In this guest post, Duncan Fisher, founder and former CEO of the Fatherhood Institute, explains what led him to establish new shared parenting blog MumsandDadsNet.
When we first had a baby I came across an amazing book by Phil and Carolyn Cowan, When Partners become Parents. It reported a big study of what happens to couples when they have a baby. In a nutshell:
- many couples lead more divided lives than they had expected and are taken by surprise by this and feel it is happening to them, not through choice
- the more different their lives are from each other, the more unhappy they tend to be.
This book profoundly helped my family and it got me really interested, because nobody else was saying this stuff. Since then there have been lots more books and studies and debate. Kyle and Marsha Pruett wrote Partnership Parenting about how to organise parenting as a duo. Rebecca Asher wrote Shattered about the illusion that things have got easier for mothers. Gideon Burrows wrote Men Can Do It, questioning if men have changed so much.
Sharon Meers and Joanna Strober wrote Getting to 50:50 how working parents can have it all, making the case that no parent can have it all unless their partner does too. Gaby Hinsliff wrote a book, Half a Wife, concluding that unless the role of fathers changes a lot more, the role of mothers is stuck where it is. In the USA, Amy and Marc Vachon set up a website – EquallySharedParenting.com – to advocate a radical equality in division of household tasks, not an idea to everyone’s taste but it’s really thought provoking and challenging.
There have been studies about how same sex couples organise domestic life, showing how heterosexual couples are influenced by stereotypes. There have been studies of the history of parenting showing that the idea of the “new dad” is rubbish. There have been amazing studies and books about the anthropology of parenting, showing that the idea of a mum all by herself looking after a baby without shedloads of support from those around her is not how mothers and babies and families thrive.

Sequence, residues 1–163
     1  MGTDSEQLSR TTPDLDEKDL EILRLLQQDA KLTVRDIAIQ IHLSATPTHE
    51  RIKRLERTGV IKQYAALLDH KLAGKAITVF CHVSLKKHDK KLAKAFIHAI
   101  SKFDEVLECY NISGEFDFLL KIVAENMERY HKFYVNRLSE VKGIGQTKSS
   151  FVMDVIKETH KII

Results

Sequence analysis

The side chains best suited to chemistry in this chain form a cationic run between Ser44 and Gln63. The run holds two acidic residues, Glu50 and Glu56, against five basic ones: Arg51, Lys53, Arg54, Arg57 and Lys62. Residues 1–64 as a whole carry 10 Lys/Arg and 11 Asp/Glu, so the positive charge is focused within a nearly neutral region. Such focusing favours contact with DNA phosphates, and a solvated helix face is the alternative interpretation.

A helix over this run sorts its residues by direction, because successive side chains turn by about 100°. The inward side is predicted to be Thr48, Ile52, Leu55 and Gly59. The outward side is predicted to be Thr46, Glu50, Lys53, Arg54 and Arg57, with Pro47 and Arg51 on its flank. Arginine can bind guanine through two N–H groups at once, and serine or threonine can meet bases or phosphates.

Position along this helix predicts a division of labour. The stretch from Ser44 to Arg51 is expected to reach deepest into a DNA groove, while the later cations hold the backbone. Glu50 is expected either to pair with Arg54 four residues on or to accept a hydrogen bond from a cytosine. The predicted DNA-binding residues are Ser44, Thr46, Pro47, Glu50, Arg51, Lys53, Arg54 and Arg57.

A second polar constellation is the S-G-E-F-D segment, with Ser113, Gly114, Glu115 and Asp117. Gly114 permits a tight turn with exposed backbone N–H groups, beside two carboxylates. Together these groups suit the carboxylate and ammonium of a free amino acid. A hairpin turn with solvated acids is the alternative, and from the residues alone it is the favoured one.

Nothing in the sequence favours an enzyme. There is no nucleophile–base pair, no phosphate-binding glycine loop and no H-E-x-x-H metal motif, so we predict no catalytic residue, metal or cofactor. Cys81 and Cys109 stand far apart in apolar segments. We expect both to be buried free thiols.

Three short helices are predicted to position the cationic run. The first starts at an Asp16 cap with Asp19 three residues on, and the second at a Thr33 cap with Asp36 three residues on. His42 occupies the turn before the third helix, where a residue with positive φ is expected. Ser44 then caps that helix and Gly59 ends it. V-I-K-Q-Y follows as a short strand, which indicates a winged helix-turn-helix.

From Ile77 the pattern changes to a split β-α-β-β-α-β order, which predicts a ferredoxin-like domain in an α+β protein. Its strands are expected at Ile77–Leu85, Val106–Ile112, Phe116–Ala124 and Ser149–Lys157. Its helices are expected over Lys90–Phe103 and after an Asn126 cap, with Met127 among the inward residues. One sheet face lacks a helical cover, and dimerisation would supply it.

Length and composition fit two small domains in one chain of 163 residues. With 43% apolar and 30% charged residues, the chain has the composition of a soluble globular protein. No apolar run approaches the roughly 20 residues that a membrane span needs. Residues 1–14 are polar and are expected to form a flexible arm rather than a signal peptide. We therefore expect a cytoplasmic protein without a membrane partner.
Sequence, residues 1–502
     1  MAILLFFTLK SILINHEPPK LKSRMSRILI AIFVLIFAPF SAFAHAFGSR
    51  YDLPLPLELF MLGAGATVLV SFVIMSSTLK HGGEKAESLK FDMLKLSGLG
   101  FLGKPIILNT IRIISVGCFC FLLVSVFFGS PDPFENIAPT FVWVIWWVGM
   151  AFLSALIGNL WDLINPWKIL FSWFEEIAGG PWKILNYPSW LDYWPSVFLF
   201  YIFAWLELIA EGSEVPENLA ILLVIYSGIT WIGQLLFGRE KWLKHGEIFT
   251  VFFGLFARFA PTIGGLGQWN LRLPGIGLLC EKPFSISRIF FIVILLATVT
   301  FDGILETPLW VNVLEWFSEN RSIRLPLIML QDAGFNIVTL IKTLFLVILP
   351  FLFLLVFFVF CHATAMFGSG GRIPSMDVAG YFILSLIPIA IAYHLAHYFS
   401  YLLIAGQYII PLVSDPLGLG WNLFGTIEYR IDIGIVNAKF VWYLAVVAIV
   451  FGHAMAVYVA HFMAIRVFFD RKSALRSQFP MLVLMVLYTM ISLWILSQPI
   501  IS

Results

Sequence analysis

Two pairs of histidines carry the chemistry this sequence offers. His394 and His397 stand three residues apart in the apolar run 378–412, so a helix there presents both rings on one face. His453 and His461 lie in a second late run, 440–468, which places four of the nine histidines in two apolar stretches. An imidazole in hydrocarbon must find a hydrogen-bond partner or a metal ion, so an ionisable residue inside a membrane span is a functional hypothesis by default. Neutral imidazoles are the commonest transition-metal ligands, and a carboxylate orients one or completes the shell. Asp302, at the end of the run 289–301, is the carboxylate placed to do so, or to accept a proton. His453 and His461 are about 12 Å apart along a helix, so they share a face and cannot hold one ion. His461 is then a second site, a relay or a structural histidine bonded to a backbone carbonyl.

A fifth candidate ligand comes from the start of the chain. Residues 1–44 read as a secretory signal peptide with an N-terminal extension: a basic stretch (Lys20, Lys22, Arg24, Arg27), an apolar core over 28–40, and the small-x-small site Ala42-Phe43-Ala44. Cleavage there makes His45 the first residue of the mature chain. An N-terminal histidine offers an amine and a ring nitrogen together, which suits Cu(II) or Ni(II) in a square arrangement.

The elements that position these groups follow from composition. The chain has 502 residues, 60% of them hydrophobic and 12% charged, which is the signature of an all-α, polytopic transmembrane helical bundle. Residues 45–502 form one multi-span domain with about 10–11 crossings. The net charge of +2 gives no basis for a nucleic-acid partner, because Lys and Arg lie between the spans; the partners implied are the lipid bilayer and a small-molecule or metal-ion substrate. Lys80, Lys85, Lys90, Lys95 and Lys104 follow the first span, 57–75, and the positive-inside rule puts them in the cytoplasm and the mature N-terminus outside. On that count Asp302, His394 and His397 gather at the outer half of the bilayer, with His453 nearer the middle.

There have been studies about how adult relationships in a family affect the development of children’s brains. Other studies are showing that if you want a pregnant woman to stop smoking, or encourage a new mum to breastfeed, you are better off getting the whole family on board – dads have more influence over breastfeeding than health visitors! US advertisers are discovering that if you want a family with young children to buy something, it’s also better if you advertise to more than one member of the family.
Every now and then, there is a really interesting blog or article on the topic – I particularly enjoyed a recent one about why families tend to think that the childcare costs are paid out of the mother’s income, rather than the income of both parents; don’t working fathers also depend on someone to look after their children when they work?
Another area of study I have particularly enjoyed is about multi-tasking, blowing out of the water the idea that women are better at it than men – this is just a myth that somehow justifies the status quo as a biological inevitability. The idea suits a lot of people, but that does not make it right. The idea that the world was flat also suited a lot of people.
The idea of MumsandDadsNet is to bring this conversation more out into the open. We have launched small: a blog website and a conversation on Facebook and Twitter, and we are watching the way the wind blows.
In the first weeks we have hundreds of engagements and from that we have already learned a lot about what might be next. Some people have proposed a campaign by women and men together for greater opportunities to share roles, since institutions, policies and social attitudes are lagging behind what many families want and need. Others have suggested the expansion into a full-scale social network.
Watch this space!